This research report by NHFIC - COVID-19: Australia's population and housing demand – found that the global pandemic could cut underlying dwelling demand in Australia by between 129,000 and 232,000 from 2020 to 2023, mainly due to the downturn in net overseas migration (NOM). International border closures have effectively shut down NOM, which has accounted for 59 per cent of population growth since 2007.
The most pessimistic scenario implies a reduction in the population increase – from peak to trough – of 214,000 from 2019 to 2021. This implies a decline of 0.8 per cent of the population over the two-year period, which has only been surpassed by World War I and the unwinding of the peak of the baby boom in 1971.
International students are the swing factor, accounting for 50 per cent of NOM. The geographic composition of the student community is also relevant, given COVID-19 hotspots such as India and Brazil are large contributors to the pool of students.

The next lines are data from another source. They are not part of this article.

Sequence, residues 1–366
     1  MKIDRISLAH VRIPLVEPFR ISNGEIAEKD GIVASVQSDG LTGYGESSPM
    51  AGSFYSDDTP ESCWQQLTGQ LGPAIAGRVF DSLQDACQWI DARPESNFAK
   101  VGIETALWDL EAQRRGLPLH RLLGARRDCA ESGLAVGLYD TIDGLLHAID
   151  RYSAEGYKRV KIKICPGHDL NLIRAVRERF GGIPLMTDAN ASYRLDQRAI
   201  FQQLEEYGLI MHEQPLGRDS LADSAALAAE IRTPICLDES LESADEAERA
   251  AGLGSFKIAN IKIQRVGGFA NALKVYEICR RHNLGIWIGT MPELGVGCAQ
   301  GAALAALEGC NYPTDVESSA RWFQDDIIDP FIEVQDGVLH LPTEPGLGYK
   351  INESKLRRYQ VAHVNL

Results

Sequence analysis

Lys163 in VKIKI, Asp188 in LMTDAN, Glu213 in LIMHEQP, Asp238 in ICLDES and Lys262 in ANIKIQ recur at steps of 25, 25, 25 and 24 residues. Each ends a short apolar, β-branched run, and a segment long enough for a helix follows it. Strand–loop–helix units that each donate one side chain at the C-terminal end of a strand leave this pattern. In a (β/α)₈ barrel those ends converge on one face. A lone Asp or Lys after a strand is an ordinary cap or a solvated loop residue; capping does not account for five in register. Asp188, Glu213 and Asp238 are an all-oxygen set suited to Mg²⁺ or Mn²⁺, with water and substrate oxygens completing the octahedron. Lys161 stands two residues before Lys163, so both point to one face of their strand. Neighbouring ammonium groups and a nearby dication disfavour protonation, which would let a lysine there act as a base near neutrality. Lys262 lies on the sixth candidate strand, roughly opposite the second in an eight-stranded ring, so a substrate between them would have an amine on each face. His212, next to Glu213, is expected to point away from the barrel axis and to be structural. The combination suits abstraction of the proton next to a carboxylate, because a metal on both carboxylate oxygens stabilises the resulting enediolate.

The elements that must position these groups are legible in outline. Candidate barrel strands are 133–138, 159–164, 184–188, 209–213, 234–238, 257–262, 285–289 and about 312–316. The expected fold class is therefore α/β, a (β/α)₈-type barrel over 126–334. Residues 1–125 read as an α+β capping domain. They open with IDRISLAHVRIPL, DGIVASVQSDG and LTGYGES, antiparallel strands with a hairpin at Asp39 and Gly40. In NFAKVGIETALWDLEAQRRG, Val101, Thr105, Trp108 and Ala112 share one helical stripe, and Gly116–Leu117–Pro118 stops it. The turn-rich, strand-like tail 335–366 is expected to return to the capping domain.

The global financial crisis (GFC) revealed that economic factors, including unemployment and the exchange rate, are important for international students studying in Australia. It took around four years for student numbers to recover to pre-GFC levels. A protracted COVID-19 recession could easily lead to a similar path of recovery once borders reopen.
Large falls in underlying dwelling demand, particularly due to substantial falls in international students, are already putting upward pressure on vacancy rates and downward pressure on rents in inner city suburbs. If sustained, this could cause a contraction in construction activity that will add to the recessionary forces that are impacting the economy.
Previous recessions paint a relatively consistent picture of the outlook for the natural population increase: it tends to decline after the unemployment rate has peaked.
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